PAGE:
President Garfield: From Radical to Unifier by C. W. Goodyear:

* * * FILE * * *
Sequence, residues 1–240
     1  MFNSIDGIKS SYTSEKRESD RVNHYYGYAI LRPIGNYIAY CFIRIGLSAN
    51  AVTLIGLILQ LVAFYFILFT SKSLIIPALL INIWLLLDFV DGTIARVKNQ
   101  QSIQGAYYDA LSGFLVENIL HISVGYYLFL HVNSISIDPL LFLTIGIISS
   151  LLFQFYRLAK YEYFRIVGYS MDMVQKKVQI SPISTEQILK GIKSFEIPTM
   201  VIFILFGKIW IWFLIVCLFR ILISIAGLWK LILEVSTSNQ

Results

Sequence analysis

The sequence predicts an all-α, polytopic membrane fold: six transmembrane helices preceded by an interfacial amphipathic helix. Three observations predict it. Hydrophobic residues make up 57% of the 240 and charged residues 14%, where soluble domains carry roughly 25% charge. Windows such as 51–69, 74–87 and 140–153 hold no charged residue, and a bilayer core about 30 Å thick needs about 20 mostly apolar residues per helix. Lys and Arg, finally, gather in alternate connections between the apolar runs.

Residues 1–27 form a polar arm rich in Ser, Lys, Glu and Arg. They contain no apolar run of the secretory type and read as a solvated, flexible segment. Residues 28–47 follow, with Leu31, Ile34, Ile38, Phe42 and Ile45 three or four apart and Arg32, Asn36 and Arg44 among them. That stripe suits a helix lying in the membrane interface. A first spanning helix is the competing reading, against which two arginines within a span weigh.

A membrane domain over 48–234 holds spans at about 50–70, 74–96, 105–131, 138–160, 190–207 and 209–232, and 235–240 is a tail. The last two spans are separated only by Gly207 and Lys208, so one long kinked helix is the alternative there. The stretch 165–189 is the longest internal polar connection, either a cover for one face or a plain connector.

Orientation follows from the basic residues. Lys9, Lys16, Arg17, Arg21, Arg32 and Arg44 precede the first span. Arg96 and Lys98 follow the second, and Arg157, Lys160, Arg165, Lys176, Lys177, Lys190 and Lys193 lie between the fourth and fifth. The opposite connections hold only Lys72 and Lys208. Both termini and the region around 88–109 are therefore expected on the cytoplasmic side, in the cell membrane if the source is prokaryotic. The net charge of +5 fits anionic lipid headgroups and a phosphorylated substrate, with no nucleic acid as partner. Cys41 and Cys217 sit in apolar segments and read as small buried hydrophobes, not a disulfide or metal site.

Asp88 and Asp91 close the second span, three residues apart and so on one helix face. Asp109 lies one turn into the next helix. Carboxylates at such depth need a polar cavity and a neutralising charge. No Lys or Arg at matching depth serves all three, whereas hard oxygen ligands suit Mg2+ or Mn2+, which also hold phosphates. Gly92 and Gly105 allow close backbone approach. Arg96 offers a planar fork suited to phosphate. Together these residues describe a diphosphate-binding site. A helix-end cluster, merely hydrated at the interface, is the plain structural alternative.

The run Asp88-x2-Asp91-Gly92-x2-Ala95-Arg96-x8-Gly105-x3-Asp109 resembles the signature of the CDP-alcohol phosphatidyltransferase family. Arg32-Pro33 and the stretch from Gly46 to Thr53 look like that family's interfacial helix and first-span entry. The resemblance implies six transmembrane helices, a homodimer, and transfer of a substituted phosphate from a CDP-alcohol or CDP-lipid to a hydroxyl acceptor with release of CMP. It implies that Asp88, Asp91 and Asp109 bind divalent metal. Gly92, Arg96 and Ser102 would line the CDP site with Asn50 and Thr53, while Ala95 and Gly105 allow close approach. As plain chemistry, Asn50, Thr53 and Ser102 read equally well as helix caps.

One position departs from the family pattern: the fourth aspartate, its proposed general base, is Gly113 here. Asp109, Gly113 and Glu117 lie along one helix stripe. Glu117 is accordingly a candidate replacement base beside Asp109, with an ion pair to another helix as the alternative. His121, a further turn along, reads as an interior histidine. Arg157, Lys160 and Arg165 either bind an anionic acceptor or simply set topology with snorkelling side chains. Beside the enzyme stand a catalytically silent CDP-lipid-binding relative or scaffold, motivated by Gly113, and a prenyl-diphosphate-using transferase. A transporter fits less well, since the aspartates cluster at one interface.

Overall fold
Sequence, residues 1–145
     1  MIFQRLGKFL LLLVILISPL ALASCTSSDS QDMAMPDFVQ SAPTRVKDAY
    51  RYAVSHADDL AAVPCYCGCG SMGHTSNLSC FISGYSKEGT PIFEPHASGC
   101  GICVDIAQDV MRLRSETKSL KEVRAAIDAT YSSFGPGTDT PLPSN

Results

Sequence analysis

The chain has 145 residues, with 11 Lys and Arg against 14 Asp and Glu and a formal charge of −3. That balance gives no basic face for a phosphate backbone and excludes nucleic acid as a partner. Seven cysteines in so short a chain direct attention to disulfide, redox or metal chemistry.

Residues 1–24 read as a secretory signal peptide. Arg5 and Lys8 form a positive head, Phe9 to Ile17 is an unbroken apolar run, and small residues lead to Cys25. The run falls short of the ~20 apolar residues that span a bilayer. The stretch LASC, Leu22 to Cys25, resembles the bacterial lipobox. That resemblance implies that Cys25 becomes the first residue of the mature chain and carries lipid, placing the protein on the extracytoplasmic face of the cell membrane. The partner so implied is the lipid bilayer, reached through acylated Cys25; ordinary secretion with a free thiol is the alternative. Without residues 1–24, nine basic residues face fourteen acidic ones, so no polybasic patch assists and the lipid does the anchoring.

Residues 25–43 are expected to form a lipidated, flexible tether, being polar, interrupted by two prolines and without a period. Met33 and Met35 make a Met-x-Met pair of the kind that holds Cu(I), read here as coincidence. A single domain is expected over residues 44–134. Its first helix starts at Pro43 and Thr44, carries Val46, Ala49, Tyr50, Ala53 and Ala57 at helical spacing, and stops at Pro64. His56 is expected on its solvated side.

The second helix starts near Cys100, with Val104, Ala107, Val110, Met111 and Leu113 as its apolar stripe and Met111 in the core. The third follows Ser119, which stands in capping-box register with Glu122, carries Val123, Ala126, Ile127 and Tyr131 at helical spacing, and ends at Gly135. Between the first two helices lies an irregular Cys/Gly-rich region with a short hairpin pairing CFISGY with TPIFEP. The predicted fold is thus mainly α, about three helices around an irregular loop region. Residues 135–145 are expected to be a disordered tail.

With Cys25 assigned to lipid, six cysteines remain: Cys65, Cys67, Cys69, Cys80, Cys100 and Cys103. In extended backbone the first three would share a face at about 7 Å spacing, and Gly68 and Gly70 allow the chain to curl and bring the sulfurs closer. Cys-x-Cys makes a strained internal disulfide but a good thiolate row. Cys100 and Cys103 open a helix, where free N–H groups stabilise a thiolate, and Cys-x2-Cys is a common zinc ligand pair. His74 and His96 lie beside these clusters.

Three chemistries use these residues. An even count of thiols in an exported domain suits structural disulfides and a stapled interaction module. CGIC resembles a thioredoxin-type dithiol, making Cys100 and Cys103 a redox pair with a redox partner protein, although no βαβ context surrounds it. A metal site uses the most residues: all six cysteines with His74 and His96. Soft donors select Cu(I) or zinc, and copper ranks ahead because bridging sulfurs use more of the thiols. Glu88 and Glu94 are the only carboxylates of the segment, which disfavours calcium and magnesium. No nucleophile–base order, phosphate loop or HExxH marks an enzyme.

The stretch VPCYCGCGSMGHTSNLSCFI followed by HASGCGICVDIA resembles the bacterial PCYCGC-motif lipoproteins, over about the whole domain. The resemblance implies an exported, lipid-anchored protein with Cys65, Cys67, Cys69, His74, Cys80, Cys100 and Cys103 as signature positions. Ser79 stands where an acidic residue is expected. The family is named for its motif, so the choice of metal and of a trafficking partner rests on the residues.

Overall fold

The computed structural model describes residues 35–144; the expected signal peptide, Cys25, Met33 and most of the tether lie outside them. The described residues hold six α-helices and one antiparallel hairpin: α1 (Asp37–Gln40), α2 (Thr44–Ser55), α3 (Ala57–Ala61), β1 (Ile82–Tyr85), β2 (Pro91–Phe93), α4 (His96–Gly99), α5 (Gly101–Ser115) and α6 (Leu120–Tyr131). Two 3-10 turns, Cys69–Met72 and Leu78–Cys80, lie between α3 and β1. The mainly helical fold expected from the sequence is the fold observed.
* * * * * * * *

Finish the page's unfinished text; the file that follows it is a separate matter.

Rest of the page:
Paunchy with a dense, dark, mustache, Sickles had already made himself infamous as a man unafraid (proud, even) of taking extreme measures if the moment demanded them. As a congressman in antebellum Washington, he had shot his wife’s lover (the district attorney) dead in the street before pleading temporary insanity. It was the first time such a defense had been pulled off in America. But, post hoc, Sickles did not stick to it. “Of course I intended to kill him,” Sickles admitted to friends. “He deserved it.” The murderer-cuckold later became a Union general. While galloping across Gettysburg, he was clipped in the leg by a Confederate cannonball, shredding the limb below the knee. Sickles had the bones collected in a tiny coffin and sent to museum curators. For years to come, he brought friends to pay respects to the shards on display.